“All in the Timing” will be TWO’s first show of the 08-09 season

Theatre Workshop of Owensboro’s first show of the 2008-09 season is “All in the Timing.” The collection of six, one-act pieces opens Friday night at TWO, 407 W. Fifth St. The show continues Saturday night, then runs Sept. 5-7 and  12-13. For tickets, call 683-5333 .

According to a synopsis from TWO: This play is a celebration of excellent crafted language, unusual characters in hilarious situations, and is a real crowd pleaser. As the name implies, All in the Timing is not merely a reference to chronemics but the skilled timing the actors must use to make this play “tick”. David Ives six short sketches provide a wide assortment of characters, ranging from Leon Trotsky to an underhanded scam artist, typing apes to a bungling four person chorus, and couples that just don’t seem to communicate effectively. Some mature language is used, but nothing too gratuitous in nature. A long running Off-Broadway hit, it has been staged all over the United States and remains popular long after it’s New York run ended in 1995. 

THE STORIES:

SURE THINGa classic of contemporary comedy: Two people meet in a cafe and find their way through a conversational minefield as an offstage bell interrupts their false starts, gaffes, and faux pas on the way to falling in love.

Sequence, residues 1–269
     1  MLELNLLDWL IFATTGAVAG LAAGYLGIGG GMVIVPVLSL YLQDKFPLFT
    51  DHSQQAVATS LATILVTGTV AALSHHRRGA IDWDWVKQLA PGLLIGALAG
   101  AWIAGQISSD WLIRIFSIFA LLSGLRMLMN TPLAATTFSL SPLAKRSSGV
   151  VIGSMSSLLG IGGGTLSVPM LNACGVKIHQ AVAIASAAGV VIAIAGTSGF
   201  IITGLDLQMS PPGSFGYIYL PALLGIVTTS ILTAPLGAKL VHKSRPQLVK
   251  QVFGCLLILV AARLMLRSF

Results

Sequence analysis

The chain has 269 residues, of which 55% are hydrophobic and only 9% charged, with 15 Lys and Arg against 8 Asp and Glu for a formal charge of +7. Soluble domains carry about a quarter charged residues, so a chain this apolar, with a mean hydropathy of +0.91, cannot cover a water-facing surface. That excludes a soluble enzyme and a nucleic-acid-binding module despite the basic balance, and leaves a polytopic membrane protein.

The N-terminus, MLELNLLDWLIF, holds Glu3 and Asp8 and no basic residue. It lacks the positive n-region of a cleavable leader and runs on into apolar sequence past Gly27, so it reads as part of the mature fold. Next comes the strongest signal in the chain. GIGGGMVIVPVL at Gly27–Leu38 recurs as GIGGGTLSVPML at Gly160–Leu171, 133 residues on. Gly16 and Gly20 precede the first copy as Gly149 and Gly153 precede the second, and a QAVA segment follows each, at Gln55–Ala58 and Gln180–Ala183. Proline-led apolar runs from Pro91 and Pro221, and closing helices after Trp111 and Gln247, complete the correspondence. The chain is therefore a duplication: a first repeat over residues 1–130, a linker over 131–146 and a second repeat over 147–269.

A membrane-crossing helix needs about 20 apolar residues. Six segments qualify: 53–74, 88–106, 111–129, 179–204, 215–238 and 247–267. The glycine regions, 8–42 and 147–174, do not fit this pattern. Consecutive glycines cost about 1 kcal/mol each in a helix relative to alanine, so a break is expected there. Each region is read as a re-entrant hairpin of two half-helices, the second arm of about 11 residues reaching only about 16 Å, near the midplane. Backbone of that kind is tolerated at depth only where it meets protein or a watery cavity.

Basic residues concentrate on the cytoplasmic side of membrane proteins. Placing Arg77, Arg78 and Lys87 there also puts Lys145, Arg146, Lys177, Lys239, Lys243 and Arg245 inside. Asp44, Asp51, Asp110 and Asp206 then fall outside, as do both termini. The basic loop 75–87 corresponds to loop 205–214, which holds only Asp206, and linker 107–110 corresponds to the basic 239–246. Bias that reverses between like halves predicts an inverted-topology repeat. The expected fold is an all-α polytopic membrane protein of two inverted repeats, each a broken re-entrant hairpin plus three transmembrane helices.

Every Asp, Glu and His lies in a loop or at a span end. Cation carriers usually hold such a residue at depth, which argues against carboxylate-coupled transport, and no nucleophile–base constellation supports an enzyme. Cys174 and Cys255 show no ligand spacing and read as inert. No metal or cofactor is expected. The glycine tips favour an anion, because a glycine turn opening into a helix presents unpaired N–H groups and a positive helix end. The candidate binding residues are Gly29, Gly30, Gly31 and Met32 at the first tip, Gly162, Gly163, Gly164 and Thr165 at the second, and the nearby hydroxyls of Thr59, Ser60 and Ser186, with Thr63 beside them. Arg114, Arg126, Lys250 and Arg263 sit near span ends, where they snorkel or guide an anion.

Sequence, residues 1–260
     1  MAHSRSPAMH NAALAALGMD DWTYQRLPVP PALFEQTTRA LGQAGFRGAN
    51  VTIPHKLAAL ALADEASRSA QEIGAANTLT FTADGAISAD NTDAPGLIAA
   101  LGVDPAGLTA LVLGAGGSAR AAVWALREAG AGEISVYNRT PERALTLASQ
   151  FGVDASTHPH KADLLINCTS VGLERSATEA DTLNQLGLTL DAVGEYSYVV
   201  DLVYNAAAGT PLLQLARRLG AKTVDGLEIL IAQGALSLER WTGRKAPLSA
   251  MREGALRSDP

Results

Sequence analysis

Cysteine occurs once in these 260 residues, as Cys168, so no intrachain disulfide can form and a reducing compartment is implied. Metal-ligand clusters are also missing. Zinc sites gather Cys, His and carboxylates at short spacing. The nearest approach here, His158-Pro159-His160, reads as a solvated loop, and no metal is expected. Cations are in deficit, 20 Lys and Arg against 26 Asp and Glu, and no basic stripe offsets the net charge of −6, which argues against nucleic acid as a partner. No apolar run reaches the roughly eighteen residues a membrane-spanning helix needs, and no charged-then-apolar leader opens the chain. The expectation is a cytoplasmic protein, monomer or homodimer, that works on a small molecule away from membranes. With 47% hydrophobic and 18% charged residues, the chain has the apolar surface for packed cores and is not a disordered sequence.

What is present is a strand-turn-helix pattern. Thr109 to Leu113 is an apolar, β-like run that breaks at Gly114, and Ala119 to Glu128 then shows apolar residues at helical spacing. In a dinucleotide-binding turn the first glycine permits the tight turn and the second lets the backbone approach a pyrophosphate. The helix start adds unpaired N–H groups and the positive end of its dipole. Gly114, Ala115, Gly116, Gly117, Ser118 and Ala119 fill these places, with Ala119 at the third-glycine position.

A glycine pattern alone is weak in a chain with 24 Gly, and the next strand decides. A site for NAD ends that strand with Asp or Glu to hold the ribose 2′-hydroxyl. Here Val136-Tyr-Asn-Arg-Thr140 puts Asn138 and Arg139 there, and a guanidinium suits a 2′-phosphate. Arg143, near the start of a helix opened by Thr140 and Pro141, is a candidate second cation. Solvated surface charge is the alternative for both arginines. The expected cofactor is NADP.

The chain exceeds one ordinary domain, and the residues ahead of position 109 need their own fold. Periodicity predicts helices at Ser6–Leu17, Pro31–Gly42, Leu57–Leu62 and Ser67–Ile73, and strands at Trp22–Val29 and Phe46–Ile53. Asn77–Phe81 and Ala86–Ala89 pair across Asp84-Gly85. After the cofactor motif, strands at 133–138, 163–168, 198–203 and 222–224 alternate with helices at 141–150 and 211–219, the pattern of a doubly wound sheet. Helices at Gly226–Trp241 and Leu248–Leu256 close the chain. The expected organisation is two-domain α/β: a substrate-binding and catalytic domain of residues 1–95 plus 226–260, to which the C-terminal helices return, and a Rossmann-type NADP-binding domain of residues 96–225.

WORDS, WORDS, WORDS recalls the philosophical adage that three monkeys typing into infinity will sooner or later produce HAMLET and asks: What would monkeys talk about at their typewriters?

THE UNIVERSAL LANGUAGEbrings together Dawn, a young woman with a stutter, and Don, the creator and teacher of Unamunda, a wild comic language. Their lesson sends them off into a dazzling display of hysterical verbal pyrotechnics—and, of course, true love.

PHILIP GLASS BUYS A LOAF OF BREADis a parodic musical vignette in trademark Glassian style, with the celebrated composer having a moment of existential crisis in a bakery.

THE PHILADELPHIA presents a young man in a restaurant who has fallen into “a Philadelphia,” a Twilight Zone-like state in which he cannot get anything he asks for. His only way out of the dilemma? To ask for the opposite of what he wants.

VARIATIONS ON THE DEATH OF TROTSKY shows us the Russian revolutionary on the day of his demise, desperately trying to cope with the mountain-climber’s axe he’s discovered in his head.

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